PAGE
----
Currently, learning in international joint ventures between developing and developed countries tends to be viewed as a one‐way process, with Western partners assuming superiority in both technology and management. Learning is often dominated by the rational drive to achieve organisational effectiveness without sufficient attention to cultural differences, which has created problems of mutual understanding. In this paper we examine learning processes in Chinese‐Western joint ventures as well as the cultural context where learning is taking place. We argue that improved management of joint ventures lies in the process of collective learning of joint venture partners. To achieve this, it is important for partners from diverse cultures and socio‐economic backgrounds to understand the different modes of managing and organising. We illustrate this with examples from our study of Chinese‐Western joint ventures.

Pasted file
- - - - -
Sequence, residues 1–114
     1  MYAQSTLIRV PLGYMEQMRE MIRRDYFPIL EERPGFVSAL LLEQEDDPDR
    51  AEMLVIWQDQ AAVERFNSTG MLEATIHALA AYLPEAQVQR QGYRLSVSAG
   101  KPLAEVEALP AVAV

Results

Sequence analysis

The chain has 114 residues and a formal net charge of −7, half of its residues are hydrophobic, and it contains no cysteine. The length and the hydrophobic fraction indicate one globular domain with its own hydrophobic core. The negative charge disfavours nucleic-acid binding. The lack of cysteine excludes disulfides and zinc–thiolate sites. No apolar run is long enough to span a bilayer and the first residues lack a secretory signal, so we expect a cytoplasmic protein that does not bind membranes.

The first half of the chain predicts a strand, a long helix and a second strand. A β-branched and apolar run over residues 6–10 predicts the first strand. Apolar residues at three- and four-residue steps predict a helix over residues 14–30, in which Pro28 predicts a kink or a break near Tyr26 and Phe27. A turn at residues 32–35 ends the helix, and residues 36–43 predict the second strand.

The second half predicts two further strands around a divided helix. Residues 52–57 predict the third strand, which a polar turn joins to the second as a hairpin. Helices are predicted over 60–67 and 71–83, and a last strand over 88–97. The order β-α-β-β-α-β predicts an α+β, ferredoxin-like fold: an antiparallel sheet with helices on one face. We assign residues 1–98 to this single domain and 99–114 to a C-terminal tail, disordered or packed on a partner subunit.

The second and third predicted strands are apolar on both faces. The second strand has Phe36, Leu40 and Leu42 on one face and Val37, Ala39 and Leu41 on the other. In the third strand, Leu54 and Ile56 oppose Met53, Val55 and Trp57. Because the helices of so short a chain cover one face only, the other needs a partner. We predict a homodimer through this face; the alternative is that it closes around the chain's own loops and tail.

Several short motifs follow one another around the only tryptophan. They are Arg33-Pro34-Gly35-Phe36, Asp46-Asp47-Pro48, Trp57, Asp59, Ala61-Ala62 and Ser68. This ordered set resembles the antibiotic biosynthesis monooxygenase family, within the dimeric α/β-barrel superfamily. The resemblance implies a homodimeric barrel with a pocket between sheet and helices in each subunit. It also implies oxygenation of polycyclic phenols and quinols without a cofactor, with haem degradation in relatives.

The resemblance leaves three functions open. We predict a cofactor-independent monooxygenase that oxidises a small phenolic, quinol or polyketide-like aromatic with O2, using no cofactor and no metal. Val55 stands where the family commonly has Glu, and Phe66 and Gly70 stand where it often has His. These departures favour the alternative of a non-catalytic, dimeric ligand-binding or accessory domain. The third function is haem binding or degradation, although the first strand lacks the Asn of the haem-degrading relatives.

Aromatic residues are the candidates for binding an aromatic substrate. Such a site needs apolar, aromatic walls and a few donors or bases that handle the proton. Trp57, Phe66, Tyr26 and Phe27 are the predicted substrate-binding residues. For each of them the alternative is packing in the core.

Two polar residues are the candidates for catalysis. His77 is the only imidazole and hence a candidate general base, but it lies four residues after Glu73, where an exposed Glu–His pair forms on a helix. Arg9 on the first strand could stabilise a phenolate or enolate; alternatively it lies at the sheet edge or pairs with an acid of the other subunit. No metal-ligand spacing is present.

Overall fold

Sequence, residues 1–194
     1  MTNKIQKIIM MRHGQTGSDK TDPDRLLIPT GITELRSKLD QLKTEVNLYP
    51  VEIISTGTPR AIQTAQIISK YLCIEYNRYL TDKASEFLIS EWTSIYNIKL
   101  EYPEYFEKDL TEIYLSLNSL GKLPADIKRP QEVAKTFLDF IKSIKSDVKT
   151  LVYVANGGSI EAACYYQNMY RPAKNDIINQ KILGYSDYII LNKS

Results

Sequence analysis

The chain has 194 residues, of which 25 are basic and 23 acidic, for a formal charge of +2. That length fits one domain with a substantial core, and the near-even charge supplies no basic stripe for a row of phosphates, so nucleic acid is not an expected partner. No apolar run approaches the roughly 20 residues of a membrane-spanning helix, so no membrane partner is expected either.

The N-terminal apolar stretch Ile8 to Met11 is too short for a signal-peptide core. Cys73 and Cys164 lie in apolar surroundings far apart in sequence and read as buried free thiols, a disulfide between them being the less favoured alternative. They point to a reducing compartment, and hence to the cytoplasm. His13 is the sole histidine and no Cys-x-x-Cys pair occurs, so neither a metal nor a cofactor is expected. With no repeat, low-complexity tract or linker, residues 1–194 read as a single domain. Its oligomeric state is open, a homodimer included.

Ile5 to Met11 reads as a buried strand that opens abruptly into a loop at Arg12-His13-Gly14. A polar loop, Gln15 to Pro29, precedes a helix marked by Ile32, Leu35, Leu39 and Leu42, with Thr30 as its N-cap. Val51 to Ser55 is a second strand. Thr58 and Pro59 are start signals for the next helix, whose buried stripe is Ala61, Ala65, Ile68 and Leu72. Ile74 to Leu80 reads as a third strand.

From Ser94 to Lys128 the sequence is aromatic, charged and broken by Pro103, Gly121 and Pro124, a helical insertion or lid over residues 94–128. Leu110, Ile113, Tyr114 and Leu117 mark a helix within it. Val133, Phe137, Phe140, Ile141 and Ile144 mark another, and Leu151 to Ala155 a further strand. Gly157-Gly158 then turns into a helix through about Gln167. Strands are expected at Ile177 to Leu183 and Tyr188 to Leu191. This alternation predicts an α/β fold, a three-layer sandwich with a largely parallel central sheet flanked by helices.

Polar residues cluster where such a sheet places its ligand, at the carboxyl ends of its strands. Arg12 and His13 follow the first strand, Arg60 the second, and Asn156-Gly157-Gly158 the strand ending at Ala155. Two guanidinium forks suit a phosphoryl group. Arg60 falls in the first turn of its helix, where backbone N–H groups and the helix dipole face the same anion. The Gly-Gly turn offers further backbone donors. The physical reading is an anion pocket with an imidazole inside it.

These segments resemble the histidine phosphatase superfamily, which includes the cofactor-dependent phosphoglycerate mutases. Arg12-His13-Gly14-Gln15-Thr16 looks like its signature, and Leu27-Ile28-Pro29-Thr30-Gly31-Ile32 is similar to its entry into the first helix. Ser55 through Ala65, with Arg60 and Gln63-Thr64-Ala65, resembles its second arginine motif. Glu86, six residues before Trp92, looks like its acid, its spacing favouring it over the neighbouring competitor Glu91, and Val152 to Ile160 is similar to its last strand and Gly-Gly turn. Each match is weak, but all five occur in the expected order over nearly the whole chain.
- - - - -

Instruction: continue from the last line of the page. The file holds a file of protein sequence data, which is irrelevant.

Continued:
Liu, S. and Vince, R. (1999), "The cultural context of learning in international joint ventures", Journal of Management Development, Vol. 18 No. 8, pp. 666-675. https://doi.org/10.1108/02621719910293765Download as .RIS
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